But when we do, it’s always a crowd-pleaser. It’s been one to kind of organically go, and then when [Starz series] American Gods put it on the premiere of the second season, it really lifted off.

It’s not every day in country music that you hear anything anti-fascist like “Everybody Walkin’ This Land.” That’s a rarity since Johnny Cash died. Maybe Willie does it a little bit. Has singing against fascism caused any tensions for you?

Man, I’m a tell-it-like-it-is guy. And I fuckin’ hate when people say I’m an artist. I’m just a fuckin’ Joe Blow redneck from East Texas that likes NASCAR and drinkin’ beer. I’m writin’ songs and smokin’ bongs, and hopefully people sing along, you know?

At this point, I’m not overlooking any of it. The market’s got to be my market, or I’m not going to fit in. I’m building my own market, my own sound, my own music, and I don’t have anybody to tell me what the fuck I can do.

That’s where I wanted to be, and I’m making enough to pay my $1,250 rent, and I’m making enough to put gas in my Dodge Ram, and that’s about all I need. I’ve arrived and made it, because my old funny dream of being a musician actually came true. So at this point, if it goes up, that’d be awesome. But if it doesn’t, maybe I’m writing about fuckin’ flip-flops and sandals and beer next year.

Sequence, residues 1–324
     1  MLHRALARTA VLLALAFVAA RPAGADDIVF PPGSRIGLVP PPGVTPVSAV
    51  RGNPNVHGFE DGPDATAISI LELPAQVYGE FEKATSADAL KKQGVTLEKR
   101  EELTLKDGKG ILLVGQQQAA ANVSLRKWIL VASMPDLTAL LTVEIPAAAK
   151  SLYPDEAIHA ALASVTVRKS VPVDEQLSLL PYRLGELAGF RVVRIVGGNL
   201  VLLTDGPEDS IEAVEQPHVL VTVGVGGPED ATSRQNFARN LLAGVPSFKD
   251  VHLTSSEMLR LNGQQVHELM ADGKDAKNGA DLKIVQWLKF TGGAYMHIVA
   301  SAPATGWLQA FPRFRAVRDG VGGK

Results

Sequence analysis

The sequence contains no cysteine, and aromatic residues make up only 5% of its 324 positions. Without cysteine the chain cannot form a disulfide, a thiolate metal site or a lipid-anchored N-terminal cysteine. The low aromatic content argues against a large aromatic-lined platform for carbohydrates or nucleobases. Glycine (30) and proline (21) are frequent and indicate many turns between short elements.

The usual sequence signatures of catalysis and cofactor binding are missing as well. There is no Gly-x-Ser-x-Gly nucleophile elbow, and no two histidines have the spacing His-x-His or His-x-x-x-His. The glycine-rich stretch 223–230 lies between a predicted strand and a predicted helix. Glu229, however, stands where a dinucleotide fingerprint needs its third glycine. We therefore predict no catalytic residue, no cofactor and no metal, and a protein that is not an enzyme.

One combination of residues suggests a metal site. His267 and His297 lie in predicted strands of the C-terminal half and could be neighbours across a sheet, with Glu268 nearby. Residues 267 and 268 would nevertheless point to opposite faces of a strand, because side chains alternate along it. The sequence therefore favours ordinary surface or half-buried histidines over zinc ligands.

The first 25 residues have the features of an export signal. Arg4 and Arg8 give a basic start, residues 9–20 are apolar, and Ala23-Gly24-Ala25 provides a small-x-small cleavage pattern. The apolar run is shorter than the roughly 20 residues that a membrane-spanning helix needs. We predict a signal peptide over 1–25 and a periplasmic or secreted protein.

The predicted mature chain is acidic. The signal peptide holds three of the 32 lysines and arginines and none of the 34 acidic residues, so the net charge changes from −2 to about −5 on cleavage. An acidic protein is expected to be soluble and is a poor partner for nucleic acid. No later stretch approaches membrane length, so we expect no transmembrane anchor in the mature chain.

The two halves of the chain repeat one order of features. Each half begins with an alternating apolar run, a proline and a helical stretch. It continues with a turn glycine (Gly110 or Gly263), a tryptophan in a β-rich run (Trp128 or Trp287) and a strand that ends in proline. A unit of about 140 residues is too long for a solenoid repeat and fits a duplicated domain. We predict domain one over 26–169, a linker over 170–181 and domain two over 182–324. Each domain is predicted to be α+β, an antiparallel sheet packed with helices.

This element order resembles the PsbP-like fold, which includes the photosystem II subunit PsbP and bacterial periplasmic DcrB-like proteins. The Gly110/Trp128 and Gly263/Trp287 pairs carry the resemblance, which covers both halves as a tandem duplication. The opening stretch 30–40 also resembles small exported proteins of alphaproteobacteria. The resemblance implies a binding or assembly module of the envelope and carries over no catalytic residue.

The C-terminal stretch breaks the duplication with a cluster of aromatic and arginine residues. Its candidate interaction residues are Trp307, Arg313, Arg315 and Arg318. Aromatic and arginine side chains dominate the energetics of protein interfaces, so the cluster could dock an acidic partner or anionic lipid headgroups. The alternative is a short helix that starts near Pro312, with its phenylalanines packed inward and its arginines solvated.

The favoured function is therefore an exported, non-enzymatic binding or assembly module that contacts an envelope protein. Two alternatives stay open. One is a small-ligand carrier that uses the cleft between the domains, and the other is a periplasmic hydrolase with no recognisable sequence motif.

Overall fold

You have a sound of your own, which is more than most people.

Yeah...thanks, man.

It isn’t boring. I think that makes it different from a lot of radio country.

That’s regurgitated vomit. It’s like you throw up, it works, and then it sticks, and then people scrape up that vomit, take it into the next songwriting, and they eat it, and then they throw it up, and then the next person comes in... It’s like the baby-bird method. That’s what’s happening in country music, in my opinion. People are baby-birding vomit that works.

At least vomit has a flavor.

Fuck, yeah, man. I guess it’s working.

What do you want people to know about this album as you’re approaching the release?

That it’s honest. It’s true grit. It’s just red, white and blue, stars and stripes. This thing is as honest as it can be.

Anything else?

I’m really stoked about Red Rocks. I’m just ready to shake the Red Rocks. Just shake it.

Paul Cauthen, 7:30 p.m. Saturday, July 13, Red Rocks Amphitheatre, Morrison, $39.50-$200, redrocksonline.com.